Canadian Manufacturing

Dramatic fire at Vancouver’s port prompts evacuation, health warnings

The city's health authority confirmed the fire involved a substance called trichloroisocyanuric acid

March 4, 2015  by Keven Drews and Tamsyn Burgmann, The Canadian Press

VANCOUVER—A chemical fire at a Vancouver container terminal led to a partial evacuation of Canada’s largest port for several hours February 4, prompting health warnings and road closures.

About 65 firefighters, including crews from two fire boats and hazardous materials teams surrounded the flames—even from above with three pieces of aerial equipment that were 33-metres tall, said Vancouver Fire and Rescue Services spokesman Ron Coulson.

A large cloud of white smoke could be seen lifting off a collection of multicoloured shipping containers. Streams of water blasted from fire hoses into the smoke, which obscured any sign of the fire itself.

The city’s health authority confirmed the fire involved a substance called trichloroisocyanuric acid, which can be harmful if inhaled in large quantities and can cause eye irritation.


Trichloroisocyanuric acid is used in dry household bleaches, dishwashing compounds, swimming pool disinfectant and other cleaning agents.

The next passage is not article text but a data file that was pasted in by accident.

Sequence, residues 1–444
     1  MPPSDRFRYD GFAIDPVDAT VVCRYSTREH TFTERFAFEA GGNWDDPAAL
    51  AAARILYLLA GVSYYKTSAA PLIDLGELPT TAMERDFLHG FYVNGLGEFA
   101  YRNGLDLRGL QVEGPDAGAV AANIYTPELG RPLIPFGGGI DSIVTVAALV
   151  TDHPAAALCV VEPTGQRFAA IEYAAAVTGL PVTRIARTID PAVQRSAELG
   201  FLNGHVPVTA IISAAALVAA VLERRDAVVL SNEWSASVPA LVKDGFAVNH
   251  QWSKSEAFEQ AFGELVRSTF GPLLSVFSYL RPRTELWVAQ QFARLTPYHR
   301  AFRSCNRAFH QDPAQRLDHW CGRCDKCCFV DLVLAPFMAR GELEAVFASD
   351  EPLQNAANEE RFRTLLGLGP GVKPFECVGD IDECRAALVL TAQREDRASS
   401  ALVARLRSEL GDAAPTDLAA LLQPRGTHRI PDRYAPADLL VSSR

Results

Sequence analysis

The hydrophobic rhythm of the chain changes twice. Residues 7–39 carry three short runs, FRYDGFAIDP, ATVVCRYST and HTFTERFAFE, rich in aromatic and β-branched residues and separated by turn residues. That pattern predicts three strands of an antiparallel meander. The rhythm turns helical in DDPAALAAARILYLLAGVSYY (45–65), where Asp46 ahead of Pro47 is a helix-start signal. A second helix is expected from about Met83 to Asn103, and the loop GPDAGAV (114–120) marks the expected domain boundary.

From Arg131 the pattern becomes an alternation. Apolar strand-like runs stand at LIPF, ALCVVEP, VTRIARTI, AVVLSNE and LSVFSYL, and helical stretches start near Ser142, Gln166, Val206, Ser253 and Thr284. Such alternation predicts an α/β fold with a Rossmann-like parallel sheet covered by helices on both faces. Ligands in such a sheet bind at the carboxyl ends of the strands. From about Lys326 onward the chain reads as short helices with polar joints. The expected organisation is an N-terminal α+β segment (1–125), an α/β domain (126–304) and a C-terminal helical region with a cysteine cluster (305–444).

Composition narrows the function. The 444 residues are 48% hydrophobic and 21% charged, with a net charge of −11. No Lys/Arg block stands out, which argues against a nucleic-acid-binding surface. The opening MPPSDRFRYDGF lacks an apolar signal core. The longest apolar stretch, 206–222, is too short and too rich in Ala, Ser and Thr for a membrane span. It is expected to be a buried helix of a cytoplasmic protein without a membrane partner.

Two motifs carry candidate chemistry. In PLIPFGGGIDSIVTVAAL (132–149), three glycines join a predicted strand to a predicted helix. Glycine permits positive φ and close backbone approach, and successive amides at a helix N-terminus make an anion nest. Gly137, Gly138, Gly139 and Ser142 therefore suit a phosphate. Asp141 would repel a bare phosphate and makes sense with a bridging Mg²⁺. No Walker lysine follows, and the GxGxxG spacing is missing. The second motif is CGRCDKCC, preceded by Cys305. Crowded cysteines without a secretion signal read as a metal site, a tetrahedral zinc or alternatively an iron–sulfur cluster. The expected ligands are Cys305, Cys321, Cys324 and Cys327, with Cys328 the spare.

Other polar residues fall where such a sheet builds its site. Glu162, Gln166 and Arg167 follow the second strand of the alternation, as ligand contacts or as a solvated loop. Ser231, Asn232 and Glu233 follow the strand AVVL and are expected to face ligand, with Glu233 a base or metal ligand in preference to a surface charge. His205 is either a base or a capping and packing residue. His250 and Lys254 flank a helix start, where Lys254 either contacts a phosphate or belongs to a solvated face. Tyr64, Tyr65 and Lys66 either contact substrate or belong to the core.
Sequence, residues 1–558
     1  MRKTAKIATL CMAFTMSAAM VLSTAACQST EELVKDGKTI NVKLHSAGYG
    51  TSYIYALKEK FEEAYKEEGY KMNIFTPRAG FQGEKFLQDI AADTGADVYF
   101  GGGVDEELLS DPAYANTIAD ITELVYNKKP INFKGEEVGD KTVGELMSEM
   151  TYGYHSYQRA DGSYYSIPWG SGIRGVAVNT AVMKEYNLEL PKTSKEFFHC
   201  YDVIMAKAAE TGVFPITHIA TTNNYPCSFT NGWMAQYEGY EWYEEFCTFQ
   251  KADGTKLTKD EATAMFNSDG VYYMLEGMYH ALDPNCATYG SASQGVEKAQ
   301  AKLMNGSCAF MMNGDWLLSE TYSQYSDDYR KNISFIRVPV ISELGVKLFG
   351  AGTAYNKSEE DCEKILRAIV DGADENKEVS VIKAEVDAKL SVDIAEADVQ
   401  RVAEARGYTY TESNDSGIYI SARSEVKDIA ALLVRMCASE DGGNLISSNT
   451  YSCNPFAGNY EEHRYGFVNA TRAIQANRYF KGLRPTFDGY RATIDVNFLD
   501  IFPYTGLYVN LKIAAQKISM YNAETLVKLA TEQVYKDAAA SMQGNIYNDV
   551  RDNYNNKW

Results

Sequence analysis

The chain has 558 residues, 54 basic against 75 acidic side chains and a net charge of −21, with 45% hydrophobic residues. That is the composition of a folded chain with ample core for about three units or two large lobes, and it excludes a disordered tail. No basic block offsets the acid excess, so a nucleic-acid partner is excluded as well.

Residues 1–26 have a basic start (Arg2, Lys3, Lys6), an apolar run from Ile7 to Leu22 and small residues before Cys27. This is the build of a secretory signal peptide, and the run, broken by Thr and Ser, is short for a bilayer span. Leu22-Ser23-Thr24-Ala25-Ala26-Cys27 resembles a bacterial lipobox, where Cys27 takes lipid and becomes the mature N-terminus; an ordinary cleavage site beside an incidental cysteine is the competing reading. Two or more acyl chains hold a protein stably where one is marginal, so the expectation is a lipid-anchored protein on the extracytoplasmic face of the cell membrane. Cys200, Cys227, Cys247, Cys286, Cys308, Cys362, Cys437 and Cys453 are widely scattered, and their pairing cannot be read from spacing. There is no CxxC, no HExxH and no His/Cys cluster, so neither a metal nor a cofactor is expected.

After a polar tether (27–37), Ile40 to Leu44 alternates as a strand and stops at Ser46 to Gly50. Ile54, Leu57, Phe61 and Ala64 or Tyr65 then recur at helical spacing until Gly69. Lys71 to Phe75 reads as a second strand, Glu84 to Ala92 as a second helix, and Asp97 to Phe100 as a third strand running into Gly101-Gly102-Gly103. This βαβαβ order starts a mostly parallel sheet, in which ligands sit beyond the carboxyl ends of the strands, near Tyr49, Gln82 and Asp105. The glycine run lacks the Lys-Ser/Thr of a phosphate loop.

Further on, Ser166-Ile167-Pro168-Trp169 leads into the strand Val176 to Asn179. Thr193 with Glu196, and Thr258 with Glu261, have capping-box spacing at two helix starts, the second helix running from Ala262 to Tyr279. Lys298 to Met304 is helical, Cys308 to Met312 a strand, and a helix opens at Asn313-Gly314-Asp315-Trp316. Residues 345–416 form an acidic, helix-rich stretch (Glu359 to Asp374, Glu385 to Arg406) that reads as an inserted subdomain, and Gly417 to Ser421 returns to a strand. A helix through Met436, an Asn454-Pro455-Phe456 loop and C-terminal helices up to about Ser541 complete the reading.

“There are no injuries at this time,” said Coulson. “As this is a defensive fire, our firefighters are taking all precautions to stay out of the smoke plume and wear all the respiratory equipment that we have at our disposal.”

Coulson said firefighters set up an evacuation perimeter of about 800 metres and asked people in the area to stay back.

By early evening, the city issued a bulletin lifting an earlier order from the fire chief for residents in one neighbourhood to seek shelter.

The city also asked people to stay away from the area where the fire broke out, and if they were experiencing breathing problems to get upwind.

“Anyone experiencing shortness of breath or difficulty breathing should see a physician right away,” stated the bulletin.

Port Metro Vancouver spokesman John Parker-Jervis said in a statement that the organization confirmed at 1:40 p.m. that a container was on fire at the Centerm terminal on the south shore of Burrard Inlet.

He said the terminal was shut down and evacuated.

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